My Comment – Never mind multi-platform, it sounds more like a multi-model approach will be necessary for the entire creative industry, in my opinion.
2. But how do you value Intellectual Property? (IP For Innovation And Growth)
This has to be one of the thorniest questions for IP, because consistent and intelligent valuation of IP is at best confusing, or non-existent. IP is really just an economic mechanism, so a fundamental attribute should be the ability to establish an agreed value for the property in question, but this presents a severe problem because current valuation are highly subjective and always dependent on the buyer or seller’s points-of-view. Throw in the ability to effortlessly copy and distribute works via digital technology, and you’ll get the somewhat muddy picture.
My Comment – There is a clear opportunity here to create a dynamic and transparent IP valuation model or approach, which can produce the right valuation for IP, based on the buyer / seller relationship and context
3. And does a cash economy make IP any less relevant? (Private Equity Africa)
Apparently, it’s all about cash in Africa which leads me to wonder if and how global IP will work in a cash economy. This event does not immediately appear to have much in common with the others on IP or the creative industry, and even one of the speakers afterwards, said he considered Intellectual Property in Africa to be, and I quote, “nothing more than intellectual masturbation”. However, when you think of the thriving industry and market for music and filmed entertainment (e.g. Nigeria’s Nollywood), it is easy to see how IP can provide an important boost to developing economies. Therefore, even if there is little point in enforcing IP Rights locally, all developing economies must be interested and involved in any discussion relating to global IP rights and digital distribution / piracy.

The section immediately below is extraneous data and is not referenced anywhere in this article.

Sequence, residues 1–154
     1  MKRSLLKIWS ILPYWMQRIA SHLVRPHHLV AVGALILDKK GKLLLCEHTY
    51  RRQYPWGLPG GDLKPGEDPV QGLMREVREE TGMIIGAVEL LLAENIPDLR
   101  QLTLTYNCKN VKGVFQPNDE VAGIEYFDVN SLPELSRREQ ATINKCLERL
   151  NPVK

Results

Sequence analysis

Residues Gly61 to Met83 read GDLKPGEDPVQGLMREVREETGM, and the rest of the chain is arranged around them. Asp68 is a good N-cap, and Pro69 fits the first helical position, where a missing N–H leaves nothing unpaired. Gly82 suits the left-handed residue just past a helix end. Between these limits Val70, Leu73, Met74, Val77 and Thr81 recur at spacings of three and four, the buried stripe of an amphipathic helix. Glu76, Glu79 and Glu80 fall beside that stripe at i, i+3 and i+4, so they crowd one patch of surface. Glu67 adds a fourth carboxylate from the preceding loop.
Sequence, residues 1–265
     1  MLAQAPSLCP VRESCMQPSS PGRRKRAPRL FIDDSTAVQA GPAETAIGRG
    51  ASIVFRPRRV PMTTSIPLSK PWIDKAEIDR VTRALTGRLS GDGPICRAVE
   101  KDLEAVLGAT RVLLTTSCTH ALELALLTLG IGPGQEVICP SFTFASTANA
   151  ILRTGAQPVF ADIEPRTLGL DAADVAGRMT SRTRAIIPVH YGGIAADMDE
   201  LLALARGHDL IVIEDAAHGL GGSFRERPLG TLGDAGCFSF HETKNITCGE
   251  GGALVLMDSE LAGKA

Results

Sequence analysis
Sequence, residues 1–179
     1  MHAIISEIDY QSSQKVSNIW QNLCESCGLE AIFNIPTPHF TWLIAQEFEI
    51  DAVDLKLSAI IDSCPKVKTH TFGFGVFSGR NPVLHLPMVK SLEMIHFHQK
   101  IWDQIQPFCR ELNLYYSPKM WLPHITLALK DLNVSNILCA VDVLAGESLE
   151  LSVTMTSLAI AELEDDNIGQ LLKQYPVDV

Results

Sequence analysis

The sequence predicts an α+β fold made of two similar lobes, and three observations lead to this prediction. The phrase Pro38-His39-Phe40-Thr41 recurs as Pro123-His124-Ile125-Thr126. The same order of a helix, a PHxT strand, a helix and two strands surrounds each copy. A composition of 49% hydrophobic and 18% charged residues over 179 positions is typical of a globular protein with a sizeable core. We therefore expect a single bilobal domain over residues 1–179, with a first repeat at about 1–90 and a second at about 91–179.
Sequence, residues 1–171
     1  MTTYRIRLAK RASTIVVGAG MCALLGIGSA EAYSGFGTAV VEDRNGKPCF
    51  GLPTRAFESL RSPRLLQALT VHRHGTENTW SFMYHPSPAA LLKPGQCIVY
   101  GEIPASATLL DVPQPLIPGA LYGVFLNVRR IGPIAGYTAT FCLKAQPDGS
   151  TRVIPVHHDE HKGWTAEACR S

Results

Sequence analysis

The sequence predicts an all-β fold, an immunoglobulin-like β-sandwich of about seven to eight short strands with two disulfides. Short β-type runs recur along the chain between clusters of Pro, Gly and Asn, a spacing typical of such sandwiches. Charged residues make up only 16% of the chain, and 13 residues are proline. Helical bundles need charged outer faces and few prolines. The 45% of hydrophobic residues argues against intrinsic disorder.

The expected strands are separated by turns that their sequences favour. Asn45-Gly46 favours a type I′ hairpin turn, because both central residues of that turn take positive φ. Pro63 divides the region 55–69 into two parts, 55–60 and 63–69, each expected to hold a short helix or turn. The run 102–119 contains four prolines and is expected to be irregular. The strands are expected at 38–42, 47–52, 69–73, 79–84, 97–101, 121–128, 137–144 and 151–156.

My Comment – when it comes to content and IP, it is a level playing field as all jurisdictions and stakeholders struggle with the impact of digital technology
Overall, one clear trend I can see emerging from the above is that such tough questions / issues will need even tougher answers and resolutions to overcome. For example, they may well be pointing to the same underlying problem – i.e. a flawed and inflexible concept of economic value – but perhaps that is rightly the subject of another blog and blogger.